Either way, it's nowhere near as clear cut and simple as the way this OhMyNews reviewer made it out to be.

What does any of this have to do with Hell Joseon?

WARNING: Please note that I'm done talking about the movie or the movie review now and the remainder of this post will deal with Objectivism itself and how I wish for it to apply to Korea.

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As far as I know, the movie itself has nothing to do with Hell Joseon. What I do find sad is the dearth of knowledge about Objectivism in Korea, where I think a healthy dose of Objectvism can do wonders for Koreans.

When people speak of Hell Joseon, they are typically referring to the highly competitive education system and the lack of guaranteed high-paying jobs while the children of chaebol owners seem to do their utmost to become modern-day versions of little Neros.

However, I am convinced that it is more than just that. I am convinced that Hell Joseon is the verbalized admission that we are currently living in an age of moral crisis. During such times, conservatives are quick to say that people need to rediscover their traditions, their roots. Like Rand, I disagree. Too often people understand that something in their lives is wrong, but rarely do people question their morals. Instead of returning to past morals, I think Koreans need to discover new ones.

Conservatives are wrong? You don't say!
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When people hear the word selfishness, people immediately associate the word with people who will do anything, including harming others and committing immoral and illegal acts simply for their own benefits. It is for this very reason that Stephen Colbert rhetorically asked if the world really needed more selfish people. In Korean, the word is called 이기주의, which is closer to sociopathy or extreme narcissism than to the Objectivist notion of selfishness. Extreme altruism at the cost to one's own life or sociopathic narcissism at the cost to someone else's life -- those seem to be the only two choices people seem to think are possible when in reality, life need not be a zero-sum game.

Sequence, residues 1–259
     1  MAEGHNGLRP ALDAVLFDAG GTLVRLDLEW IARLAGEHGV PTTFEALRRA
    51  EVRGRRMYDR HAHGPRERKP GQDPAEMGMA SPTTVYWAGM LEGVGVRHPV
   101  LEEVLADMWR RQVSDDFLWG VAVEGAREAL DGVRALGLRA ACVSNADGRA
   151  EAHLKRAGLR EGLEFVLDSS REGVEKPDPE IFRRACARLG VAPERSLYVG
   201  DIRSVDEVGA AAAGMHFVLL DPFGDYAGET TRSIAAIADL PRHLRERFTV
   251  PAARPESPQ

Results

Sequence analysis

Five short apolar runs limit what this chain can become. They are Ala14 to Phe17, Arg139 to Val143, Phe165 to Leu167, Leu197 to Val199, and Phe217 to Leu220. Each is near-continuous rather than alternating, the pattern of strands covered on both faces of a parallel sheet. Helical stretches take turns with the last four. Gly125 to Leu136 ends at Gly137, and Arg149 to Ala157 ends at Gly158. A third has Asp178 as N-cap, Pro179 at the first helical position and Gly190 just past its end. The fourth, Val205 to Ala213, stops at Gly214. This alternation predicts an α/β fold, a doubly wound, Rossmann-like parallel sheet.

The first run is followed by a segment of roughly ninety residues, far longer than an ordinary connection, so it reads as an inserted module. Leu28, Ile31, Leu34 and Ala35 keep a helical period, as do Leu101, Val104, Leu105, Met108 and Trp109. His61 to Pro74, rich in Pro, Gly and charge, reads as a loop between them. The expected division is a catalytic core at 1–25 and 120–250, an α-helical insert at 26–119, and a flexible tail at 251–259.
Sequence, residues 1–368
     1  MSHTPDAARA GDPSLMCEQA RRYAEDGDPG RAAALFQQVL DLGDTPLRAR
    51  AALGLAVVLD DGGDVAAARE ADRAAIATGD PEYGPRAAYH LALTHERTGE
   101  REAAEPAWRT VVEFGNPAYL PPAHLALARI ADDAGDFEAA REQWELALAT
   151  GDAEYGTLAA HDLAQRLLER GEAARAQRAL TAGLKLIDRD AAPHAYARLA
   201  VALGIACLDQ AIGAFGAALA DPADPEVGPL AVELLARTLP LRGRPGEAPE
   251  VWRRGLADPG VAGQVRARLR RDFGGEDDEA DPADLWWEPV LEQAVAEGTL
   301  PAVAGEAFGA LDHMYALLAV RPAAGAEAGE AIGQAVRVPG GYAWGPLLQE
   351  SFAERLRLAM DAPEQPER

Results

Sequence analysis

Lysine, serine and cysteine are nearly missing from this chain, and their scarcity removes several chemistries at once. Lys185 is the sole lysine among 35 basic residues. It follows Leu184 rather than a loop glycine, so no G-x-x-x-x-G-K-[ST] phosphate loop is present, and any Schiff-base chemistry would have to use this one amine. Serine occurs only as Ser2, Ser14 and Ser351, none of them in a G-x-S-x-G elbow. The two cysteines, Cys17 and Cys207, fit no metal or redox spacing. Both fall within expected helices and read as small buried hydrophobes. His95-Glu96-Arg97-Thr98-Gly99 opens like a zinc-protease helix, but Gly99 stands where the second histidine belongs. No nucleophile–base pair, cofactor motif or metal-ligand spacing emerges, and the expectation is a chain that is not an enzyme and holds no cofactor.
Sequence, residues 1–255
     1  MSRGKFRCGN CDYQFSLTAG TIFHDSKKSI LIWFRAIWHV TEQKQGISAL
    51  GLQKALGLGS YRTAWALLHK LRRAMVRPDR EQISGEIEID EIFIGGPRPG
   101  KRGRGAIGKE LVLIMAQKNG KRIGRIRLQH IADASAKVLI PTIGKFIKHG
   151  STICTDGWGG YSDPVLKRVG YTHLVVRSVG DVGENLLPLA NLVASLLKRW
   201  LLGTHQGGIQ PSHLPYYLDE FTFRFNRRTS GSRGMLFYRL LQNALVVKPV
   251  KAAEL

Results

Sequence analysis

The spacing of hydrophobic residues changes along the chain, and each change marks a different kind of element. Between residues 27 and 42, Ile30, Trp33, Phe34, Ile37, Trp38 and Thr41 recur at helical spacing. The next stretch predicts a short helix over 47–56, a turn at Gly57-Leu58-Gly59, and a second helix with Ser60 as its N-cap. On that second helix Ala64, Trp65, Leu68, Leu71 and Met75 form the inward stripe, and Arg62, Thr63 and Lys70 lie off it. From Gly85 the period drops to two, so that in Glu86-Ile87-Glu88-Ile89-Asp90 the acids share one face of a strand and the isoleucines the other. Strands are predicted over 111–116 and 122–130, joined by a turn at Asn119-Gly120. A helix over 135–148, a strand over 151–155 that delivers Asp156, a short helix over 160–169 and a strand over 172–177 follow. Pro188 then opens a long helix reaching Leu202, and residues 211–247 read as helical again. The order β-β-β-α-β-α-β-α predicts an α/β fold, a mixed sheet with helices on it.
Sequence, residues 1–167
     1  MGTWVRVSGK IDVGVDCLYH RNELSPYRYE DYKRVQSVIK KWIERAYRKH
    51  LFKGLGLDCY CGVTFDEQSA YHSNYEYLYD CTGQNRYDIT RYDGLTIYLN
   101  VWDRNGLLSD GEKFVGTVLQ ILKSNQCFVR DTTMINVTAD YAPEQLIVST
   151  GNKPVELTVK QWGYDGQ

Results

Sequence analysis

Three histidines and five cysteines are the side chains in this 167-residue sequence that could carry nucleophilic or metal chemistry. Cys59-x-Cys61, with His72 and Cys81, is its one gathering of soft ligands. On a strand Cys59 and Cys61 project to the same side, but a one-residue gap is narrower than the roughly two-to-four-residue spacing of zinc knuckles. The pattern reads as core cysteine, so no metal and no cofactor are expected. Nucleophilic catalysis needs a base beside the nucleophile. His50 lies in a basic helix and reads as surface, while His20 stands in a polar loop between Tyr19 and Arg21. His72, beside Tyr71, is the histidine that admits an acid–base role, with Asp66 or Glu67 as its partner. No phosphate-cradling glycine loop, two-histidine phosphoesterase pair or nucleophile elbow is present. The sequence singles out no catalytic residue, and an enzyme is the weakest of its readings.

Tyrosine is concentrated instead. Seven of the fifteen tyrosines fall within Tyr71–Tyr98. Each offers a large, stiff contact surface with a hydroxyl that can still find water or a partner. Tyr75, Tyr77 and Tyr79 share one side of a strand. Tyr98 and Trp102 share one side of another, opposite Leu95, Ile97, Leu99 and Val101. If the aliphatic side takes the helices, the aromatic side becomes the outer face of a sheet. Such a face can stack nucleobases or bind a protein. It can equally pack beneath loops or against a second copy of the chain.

One often hears that Koreans are a materialist group of people -- people who are obsessed with physical beauty, status (how else can people explain the business card culture?), college background, etc. And it's all mostly to get financially ahead. But why? Why is getting financially ahead the main goal? Money is certainly important in Objectivism, but it draws a clear line between deserved wealth and undeserved wealth.

Sacrifice is a word that one hears regularly. Every able-bodied man must sacrifice by serving in the military to serve the country. Senior citizens sacrifice their own livelihoods to support their unproductive adult children. The fact that Koreans once donated their gold and family heirlooms to the government when the economy crashed and burned in 1997~1998 is spoken of in reverent tones. But why? Why is that the good?

Objectivism does not deny compassion. Concern for the welfare of those one loves is a rational part of one's selfish interests. No one loves simply for love's sake. People love for the joy, the good, the happiness that the object of one's love brings to them. Love is selfish. But Objectivism rejects the adoption of false compassion. It states that people should not sacrifice (which specifically means to give up something one values in exchange for something one values less) for the happiness of strangers if it comes at the cost of one's own happiness. Objectivism states that one's highest moral purpose is the achievement of one's own happiness.